There are lots of hiking opportunities in Hafnarfjörður. The Krýsuvík Cliffs are a great place to see the Atlantic ocean crashing on the rugged coast and for bird-watching. Helgafell Mountain is about two hours from Hafnarfjörður but worth the drive for a day hike if you are in the region, as you will see undisturbed lava fields and formations, as well as centuries-old artifacts from early Icelandic settlers.
Hafnarfjörður celebrates its culture with local art, food, and performances. There are a number of art galleries to visit and a public art sculpture park. You will also find public geothermal pools in the town, which are a must-experience during your stay, especially if you have never been in them.
The northern Icelandic town of Akureyri is a lovely fishing village, with roots that date back to the 9th century when Norse Vikings settled the area. It is fun to walk through Akureyri on Kaupvangsstræti, the main street that curves through town. If you cannot pronounce it, just ask the locals to point you in the direction of Art Street, which it is also called. There are many galleries with local art for sale and small eateries with traditional foods to try.
You will want to visit the Akureyri Art Museum and the Hof Cultural Center, which showcases local visual and performing arts. Another fun place to see is the Friðbjarnarhús, which has old toys and dolls on display from the late 1800s. Some of the other attractions in Akureyri are the Akureyri Church; Gásir Medieval Trading Place; and the Botanical Garden, which is one of the northernmost in the world.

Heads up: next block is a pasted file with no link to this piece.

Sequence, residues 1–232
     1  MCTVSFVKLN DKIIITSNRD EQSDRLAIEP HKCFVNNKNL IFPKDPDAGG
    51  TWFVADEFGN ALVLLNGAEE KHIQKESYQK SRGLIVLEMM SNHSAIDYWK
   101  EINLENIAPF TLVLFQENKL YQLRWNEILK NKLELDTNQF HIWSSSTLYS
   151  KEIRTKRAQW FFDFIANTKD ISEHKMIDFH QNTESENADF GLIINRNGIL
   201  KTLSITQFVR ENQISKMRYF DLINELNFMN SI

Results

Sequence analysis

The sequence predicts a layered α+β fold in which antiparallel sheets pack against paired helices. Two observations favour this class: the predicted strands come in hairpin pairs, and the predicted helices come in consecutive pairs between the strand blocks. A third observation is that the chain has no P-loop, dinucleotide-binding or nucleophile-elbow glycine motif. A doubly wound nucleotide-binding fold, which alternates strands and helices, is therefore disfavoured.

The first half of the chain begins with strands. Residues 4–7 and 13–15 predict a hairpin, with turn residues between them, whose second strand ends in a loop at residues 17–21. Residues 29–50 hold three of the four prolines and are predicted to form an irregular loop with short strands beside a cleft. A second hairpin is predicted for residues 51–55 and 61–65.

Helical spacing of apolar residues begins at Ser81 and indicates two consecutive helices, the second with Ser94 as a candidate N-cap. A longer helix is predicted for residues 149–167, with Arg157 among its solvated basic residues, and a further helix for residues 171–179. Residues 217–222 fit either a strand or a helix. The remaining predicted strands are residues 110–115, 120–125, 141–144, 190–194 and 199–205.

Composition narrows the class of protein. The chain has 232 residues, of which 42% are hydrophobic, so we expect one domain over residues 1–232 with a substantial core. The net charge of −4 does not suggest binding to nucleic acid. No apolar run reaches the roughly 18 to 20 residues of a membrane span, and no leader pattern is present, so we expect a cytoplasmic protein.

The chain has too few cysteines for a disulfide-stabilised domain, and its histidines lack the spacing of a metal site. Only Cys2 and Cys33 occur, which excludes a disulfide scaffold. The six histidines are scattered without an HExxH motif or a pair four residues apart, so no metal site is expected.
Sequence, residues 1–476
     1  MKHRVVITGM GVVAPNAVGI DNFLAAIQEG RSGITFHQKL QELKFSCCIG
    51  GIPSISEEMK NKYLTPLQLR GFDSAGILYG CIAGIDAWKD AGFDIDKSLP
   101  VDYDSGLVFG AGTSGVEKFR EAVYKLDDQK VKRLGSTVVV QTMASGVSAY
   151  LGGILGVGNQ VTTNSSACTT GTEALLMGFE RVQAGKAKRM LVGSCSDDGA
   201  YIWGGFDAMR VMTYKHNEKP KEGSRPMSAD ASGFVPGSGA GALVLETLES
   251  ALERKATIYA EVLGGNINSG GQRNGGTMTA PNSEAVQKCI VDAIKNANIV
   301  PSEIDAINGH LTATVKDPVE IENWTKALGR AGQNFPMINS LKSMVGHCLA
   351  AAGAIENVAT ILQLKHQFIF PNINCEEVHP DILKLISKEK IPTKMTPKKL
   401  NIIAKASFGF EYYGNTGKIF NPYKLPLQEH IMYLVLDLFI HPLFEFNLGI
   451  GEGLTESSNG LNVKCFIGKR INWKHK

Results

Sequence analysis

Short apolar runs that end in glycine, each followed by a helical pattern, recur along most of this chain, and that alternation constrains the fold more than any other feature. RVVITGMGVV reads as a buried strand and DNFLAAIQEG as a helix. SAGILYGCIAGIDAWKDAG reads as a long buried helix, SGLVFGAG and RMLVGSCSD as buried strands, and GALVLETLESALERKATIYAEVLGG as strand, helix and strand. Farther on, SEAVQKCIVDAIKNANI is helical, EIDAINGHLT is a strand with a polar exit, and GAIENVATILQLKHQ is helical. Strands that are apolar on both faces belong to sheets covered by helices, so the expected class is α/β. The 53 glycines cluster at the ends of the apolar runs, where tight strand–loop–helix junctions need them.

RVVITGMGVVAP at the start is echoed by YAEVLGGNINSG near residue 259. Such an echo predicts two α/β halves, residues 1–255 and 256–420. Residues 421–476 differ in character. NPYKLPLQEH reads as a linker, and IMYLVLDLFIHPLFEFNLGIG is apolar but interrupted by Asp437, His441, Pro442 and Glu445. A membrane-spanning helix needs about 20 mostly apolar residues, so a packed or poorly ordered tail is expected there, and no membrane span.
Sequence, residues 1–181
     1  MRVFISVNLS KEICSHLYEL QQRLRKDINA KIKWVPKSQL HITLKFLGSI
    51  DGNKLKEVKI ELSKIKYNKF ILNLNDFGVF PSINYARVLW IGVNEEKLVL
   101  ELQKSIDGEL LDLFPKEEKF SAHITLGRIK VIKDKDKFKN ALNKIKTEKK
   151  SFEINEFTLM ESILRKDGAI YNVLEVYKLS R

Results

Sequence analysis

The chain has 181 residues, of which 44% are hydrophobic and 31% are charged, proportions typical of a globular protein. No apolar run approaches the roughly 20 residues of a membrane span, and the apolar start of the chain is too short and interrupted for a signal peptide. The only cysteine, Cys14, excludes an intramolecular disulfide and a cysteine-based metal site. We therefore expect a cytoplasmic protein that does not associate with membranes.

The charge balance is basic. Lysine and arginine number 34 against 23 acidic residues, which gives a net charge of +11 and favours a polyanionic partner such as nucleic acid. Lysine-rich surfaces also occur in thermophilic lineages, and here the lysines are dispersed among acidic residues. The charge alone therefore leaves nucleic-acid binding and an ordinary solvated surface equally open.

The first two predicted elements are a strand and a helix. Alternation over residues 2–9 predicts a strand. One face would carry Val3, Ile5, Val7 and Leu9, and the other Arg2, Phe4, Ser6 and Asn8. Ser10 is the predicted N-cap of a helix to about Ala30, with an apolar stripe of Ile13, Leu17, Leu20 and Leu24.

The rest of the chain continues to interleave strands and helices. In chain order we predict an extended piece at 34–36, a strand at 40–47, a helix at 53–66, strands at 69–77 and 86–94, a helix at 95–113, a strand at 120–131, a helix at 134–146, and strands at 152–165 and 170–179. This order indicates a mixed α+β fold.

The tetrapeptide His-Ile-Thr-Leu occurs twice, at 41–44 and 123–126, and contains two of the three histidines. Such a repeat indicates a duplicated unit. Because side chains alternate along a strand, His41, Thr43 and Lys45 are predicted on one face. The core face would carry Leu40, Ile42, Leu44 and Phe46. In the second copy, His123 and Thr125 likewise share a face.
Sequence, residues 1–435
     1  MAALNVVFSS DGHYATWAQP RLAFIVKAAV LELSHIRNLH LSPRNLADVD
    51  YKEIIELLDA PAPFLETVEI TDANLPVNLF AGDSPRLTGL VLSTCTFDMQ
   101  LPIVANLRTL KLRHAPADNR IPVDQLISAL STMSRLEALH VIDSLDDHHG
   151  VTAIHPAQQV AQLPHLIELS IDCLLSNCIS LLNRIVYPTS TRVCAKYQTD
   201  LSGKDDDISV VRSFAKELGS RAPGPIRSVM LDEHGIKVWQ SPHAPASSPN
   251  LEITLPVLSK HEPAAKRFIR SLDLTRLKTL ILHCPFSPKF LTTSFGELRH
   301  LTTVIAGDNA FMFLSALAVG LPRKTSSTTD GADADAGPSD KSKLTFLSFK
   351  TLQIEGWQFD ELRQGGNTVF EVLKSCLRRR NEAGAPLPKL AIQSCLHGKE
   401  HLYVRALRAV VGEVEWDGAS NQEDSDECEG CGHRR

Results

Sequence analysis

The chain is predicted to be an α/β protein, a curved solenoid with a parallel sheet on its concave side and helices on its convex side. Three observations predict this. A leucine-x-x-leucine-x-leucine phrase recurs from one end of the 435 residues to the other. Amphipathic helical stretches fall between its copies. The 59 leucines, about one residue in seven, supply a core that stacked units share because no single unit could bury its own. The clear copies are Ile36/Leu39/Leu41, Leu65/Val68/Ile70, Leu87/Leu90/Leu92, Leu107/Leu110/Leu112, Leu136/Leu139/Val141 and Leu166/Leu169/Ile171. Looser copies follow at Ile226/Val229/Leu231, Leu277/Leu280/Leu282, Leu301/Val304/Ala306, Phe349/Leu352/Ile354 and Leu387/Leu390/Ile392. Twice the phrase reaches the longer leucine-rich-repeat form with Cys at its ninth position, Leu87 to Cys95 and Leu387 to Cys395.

Outdoor activities in Akureyri are popular, with local excursions to hiking areas, bird-watching, fishing, rafting, and horseback riding. In the winter, you can take a snowcat tour into the mountains, head out for a day of skiing on Eyjafjördur Fjord, or plan an evening tour to see the aurora borealis.
If you want to base yourself in Akureyri and explore off the beaten path, you can hop on the Arctic Coast Way, which follows 900 kilometers along northern Iceland, taking you to some of the most remote places on the island. The Arctic Coast Way takes you through 21 fishing villages to the most northern point in Iceland, close to the Arctic Circle.
The small town of Seyðisfjörður is on a fjord on the eastern side of Iceland. It is one of the best places to visit if you want to see puffin colonies that inhabit the remote regions of Iceland. There is rich Icelandic culture and stunning natural beauty in Seyðisfjörður, as it is surrounded by mountains and shoreline.
The first things you will notice in this remote town with a population of 700 people are the quaint timber homes built in the early 19th century; the tranquil lagoon; and the comfort of Mt. Strandartindur and Mt. Bjolfur, which border both sides of the valley. Seyðisfjörður is a picturesque Norwegian fishing village that was established in the late 1800s.